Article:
What is an Oxygen Sensor?Leave a Comment
So, you come in to Alex’s Autohaus to get a check engine light diagnosed and Willy tells you that it is an oxygen sensor. So, what the heck is an oxygen sensor and what does it do?
An oxygen sensor is an electronic device that helps modern fuel injected engines control the air to fuel ratio of your engine. The ideal air/fuel ratio is called the stoichiometric ratio. This varies by the type of fuel, but the most common ratio is 14.7:1 for gasoline engines. A ratio lower than this indicates a lean fuel mixture (not enough fuel), and a higher ratio is a rich fuel mixture. The oxygen sensor corrects this depending on the type of sensor.
Oxygen sensors can broadly be defined as being either wide-band or narrow-band.
A narrow band sensor is calibrated to know three things, rich, lean and stoichiometric. As the car is running the sensor reads the oxygen concentration compared to atmospheric and sends a signal back to the vehicles computer. If the mixture reads rich the computer reduces the amount of fuel, and if lean it adds fuel. A narrow band oxygen sensor essentially acts like a switch to the car to get the correct air to fuel ratio. The sensor doesn’t know the exact ratio only which side of stoichiometric that it is.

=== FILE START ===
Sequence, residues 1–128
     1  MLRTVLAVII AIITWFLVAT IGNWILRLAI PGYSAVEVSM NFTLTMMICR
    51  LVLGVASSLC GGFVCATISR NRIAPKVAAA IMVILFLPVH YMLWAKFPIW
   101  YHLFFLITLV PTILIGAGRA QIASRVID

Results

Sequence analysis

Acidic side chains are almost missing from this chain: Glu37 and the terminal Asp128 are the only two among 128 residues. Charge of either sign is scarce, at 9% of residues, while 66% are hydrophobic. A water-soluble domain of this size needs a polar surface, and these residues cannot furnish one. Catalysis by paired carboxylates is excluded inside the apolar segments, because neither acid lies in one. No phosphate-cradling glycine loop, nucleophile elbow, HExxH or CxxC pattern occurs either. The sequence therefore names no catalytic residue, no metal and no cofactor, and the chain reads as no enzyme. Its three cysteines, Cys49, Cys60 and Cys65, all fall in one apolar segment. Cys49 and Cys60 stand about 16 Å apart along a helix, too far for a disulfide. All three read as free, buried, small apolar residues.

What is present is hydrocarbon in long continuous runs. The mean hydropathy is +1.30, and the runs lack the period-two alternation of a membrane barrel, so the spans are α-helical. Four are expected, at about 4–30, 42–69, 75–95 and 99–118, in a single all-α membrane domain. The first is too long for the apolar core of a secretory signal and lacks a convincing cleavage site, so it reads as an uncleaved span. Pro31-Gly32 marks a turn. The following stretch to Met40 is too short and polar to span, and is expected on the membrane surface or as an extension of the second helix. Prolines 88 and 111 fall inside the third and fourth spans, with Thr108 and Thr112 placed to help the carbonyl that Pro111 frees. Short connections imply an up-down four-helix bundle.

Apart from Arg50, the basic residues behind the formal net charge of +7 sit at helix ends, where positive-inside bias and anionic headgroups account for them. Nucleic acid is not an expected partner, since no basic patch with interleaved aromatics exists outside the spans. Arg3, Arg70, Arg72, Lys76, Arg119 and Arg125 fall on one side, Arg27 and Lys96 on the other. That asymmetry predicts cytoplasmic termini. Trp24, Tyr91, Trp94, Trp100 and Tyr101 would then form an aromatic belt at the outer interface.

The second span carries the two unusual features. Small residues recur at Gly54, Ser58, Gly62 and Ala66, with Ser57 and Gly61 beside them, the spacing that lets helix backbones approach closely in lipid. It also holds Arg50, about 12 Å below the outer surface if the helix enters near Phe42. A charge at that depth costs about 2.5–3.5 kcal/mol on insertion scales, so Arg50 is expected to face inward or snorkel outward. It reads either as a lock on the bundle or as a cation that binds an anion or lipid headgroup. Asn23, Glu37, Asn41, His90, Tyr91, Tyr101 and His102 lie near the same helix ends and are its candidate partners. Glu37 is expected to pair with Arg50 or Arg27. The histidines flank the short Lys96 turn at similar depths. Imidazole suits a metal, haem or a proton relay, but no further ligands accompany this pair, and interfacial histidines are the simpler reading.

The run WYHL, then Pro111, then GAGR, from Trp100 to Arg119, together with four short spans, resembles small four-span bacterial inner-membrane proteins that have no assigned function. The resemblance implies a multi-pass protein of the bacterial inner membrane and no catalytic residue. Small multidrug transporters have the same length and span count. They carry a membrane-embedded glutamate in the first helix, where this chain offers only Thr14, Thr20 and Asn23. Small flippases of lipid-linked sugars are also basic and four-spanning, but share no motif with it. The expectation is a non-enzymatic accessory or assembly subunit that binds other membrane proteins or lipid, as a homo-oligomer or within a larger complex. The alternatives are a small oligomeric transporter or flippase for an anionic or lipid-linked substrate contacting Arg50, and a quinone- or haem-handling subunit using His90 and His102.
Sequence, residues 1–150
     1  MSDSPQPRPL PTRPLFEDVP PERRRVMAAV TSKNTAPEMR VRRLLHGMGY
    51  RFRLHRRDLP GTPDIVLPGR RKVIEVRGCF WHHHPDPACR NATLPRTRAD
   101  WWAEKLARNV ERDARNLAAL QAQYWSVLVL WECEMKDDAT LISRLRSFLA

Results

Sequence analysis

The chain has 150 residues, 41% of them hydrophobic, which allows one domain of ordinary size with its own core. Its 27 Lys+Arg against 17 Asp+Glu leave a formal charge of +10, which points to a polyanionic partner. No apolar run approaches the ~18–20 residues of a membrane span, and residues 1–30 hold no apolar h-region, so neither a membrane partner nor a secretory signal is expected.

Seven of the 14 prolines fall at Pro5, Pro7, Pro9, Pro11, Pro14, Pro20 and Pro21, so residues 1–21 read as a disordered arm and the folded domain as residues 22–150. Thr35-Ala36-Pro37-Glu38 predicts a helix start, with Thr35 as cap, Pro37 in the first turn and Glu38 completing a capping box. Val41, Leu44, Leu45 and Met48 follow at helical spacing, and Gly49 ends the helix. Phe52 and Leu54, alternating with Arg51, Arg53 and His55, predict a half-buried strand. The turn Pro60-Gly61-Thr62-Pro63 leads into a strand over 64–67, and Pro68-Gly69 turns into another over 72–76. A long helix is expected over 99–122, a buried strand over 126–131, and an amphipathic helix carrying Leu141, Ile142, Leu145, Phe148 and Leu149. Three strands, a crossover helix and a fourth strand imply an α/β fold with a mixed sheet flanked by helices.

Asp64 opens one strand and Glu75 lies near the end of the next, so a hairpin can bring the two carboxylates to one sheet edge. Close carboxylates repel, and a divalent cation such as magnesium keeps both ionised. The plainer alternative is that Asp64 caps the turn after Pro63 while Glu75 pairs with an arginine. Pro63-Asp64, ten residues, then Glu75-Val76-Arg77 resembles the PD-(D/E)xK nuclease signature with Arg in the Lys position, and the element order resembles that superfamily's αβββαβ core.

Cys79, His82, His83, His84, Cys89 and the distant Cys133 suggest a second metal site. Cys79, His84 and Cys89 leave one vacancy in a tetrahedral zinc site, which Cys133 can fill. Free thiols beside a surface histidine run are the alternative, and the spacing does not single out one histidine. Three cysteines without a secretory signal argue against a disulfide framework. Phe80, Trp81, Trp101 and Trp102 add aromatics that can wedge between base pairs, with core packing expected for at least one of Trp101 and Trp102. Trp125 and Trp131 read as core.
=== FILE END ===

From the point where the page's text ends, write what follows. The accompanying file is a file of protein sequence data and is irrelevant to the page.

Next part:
A wide band sensor is a much more sophisticated sensor that can tell you the exact air/fuel ratio of the car. This is helpful in improving emissions, fuel economy and performance. The idea is still to get to stoichiometric , but a wide band does it much more precisely. Instead of an on/off switch moving rapidly back and forth think more of a dimmer switch that refines to exactly what the car needs.
There are many more components to the system, but this gives you a broad look at what these sensors do. As you can see, a bad oxygen sensor can result in poor fuel economy due to too much fuel and decreased performance. I have seen estimates that a bad oxygen sensor can impact fuel economy by up to 40%! A bad sensor can also cause other damage like ruining a catalytic converter (not cheap). So next time you overhear someone say that they have a bad oxygen sensor, but that they’re not too worried about it you will know better.
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